It's called having a feeling for "spatial relations" and if IQ tests back in the day had only tested that capacity and left out language and mathematical skills, I would have been placed in the Dunce Class. For example: You show me a cube made up of smaller cubes with one cube removed (they did that sort of thing a lot!) and then tell me you're going to rotate the diagram 90 degrees and then show me five diagrams and ask me which is the same cube rotated 90 degrees and I'll have ABSOLUTELY NO IDEA. Zilch. Nada. It's probably the reason that I can't visualize maps in my mind's eye. Three seconds after you've removed the map from my line of vision, the map and everything on it is erased from my mind.

Anonymous 1:27 PM  

Could you list the rules? It's hard to know what is and what isn't allowed when often it's only after the fact that a rule is explicitly stated by a moderator.

Isn't Joaquin's post of 1:11 a violation of the rule about demeaning or mocking posts. Surely his is a sarcastic barb intended to do nothing but inflict hurt. I mean a scroll wheel? I'm not even sure what that is, but I sure as shooting know what his comment is.

Richardf8 1:33 PM  

I left it blank in my NYT Crossword for iOS and got the music just fine.

That said, I am not fond of these Emmental puzzles. This one was at least a bit worth it.

Phil I. Buster 1:34 PM  

@ A Moderator(1:09 PM)

I was never aware that there was such a rule. But such a rule, or something like it, is not a bad idea.

Whether one can scroll through the posts of others or not, the ability to post with no limits allows some peoplez on some dayz to take over and dominate the conversation. As a result, on those dayz, a good chunk of the conversation becomes response/reaction between the multiple posterz and a not insignificant number of others (who may vary from day-to-day) - changing the character of the entire comment section. When that happens, it becomes decidedly less interesting and myopic.

Just sharing here..

Anonymous 1:35 PM  

This puzzle was boring. Probably more fun for the creator. The gimmick was irrelevant. I just filled in the easy answers noting only that I had to skip a space.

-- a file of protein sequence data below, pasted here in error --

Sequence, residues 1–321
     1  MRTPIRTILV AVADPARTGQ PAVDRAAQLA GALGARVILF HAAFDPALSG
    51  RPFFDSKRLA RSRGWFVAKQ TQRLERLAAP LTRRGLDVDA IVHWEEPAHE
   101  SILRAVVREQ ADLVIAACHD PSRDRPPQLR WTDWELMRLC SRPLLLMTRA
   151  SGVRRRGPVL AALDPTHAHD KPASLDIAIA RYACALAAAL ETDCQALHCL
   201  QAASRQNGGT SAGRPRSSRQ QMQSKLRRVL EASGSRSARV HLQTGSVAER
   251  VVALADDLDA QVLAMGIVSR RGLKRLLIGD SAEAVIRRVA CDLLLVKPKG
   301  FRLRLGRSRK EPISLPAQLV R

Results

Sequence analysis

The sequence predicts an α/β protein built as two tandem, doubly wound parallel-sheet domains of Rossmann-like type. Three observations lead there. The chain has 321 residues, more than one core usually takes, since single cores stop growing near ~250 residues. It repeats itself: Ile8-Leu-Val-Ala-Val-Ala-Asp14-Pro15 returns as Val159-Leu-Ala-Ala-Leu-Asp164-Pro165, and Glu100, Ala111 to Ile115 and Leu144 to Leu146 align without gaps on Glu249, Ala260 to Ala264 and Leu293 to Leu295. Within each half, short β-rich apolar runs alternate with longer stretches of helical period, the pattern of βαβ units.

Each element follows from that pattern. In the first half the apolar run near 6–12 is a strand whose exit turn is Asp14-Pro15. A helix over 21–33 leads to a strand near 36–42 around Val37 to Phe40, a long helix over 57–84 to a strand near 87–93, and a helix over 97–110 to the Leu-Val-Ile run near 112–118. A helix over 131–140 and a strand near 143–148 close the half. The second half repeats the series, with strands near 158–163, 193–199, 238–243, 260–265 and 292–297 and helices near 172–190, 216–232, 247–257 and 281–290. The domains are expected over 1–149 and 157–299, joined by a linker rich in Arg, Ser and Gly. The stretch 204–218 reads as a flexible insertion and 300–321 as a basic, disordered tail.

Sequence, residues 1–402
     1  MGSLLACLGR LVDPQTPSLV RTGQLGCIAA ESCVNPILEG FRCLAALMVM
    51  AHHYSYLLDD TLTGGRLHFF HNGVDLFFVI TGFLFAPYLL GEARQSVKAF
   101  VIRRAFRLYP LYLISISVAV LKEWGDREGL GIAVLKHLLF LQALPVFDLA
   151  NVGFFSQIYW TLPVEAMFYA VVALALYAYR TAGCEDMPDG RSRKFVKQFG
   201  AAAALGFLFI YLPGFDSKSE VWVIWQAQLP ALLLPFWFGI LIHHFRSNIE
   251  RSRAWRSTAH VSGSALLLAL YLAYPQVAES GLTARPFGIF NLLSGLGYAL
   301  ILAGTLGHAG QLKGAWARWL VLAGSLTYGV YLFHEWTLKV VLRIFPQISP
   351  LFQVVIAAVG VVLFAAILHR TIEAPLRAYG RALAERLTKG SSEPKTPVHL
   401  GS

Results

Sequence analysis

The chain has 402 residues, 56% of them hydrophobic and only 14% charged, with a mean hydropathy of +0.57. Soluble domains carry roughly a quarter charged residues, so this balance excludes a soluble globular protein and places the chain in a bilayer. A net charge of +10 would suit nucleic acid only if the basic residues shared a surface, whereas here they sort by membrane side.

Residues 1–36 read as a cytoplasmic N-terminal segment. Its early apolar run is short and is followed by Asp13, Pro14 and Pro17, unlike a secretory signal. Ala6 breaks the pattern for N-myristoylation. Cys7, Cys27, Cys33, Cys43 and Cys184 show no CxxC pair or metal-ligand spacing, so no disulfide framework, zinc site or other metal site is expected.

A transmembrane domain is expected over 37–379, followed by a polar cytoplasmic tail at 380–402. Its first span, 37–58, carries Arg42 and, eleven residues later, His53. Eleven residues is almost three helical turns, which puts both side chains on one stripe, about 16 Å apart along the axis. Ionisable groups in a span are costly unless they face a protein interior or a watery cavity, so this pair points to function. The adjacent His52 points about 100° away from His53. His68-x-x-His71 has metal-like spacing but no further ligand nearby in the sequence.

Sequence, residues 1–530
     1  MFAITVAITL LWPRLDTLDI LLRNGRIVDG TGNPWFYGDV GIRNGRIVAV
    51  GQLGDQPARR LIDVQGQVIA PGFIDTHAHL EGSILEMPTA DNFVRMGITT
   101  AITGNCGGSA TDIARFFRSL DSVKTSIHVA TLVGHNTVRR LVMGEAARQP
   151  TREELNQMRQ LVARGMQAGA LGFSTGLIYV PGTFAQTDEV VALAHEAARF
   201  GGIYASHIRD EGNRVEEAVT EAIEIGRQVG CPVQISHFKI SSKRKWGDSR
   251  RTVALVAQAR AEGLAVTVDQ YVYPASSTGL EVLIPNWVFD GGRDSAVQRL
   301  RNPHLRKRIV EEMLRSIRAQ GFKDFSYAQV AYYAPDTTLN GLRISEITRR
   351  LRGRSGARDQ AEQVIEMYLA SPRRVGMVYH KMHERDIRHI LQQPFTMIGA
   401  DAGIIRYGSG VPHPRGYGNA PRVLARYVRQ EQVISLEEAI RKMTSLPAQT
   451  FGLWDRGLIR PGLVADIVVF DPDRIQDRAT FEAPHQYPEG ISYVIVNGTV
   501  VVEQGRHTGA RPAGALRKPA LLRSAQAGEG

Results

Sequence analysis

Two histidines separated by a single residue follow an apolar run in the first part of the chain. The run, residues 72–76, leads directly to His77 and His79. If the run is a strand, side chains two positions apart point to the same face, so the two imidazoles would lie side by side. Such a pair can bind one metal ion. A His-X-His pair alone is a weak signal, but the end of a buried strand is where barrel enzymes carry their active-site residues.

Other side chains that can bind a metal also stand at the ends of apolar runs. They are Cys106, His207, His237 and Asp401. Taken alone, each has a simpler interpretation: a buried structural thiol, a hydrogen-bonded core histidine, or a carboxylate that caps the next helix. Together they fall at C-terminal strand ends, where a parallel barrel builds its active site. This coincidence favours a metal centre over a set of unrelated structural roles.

Anonymous 1:35 PM  
This comment has been removed by a blog administrator.
Malsdemare 1:50 PM  

I loved it! It resisted, resisted, RESISTED until it didn't. For once I actually stopped to figure out what the circles were doing but not until I saw MUCH ADO ABOUT NOTHING. Golly, this was fun, even though I had a dnf at CEREBRO. Not a clue about Professor X so why not a CEREBRI? But even that didn't spoil the fun of finding all the ADOs.

A Moderator 1:54 PM  

@Anon 1:27

I'm not aware of a specific list, but if a comment is inappropriate for any reason, it's deleted.

@Phil I. Buster

Some might say that's what makes this blog a community.

Barbara S. 1:55 PM  

@Frantic, @A, @bocamp, @kitshef
Thanks for the further runaway/ROUT explanation -- I get it now. And, yeah, it does sound familiar in the context of sports. But I'm assuming you wouldn't say "The Romans' victory over the Gauls was a runaway." Or would you? I'm thinking that in the military context, you'd always use ROUT?

Phil I. Buster 2:14 PM  

@ A moderator (1:54)

And others might say that that's what has made the blog devolve nore and more into a fiefdom dominated by a self-appointed few.

bocamp 2:22 PM  

Rex's Blog FAQ

pg -2

Peace ~ Tolerance ~ Empathy ~ Kindness to all πŸ•Š

A Different Moderator 2:40 PM  

Rex gave us some guidelines but mostly it’s talk about the puzzle and don’t be a jerk. Both are liberally interpreted. In my experience it is almost exclusively anonymous comments that I do not approve or later delete. For example, I just deleted a comment because I deemed it to be only an insult to another poster. We do try to moderate with a light touch.

kitshef 2:50 PM  

I am not a moderator, but have been in the past. We had at that time several rules:
- no vulgarity
- no personal attacks on other blog commenters
- no complaints about blog moderation
- no totally off-topic posts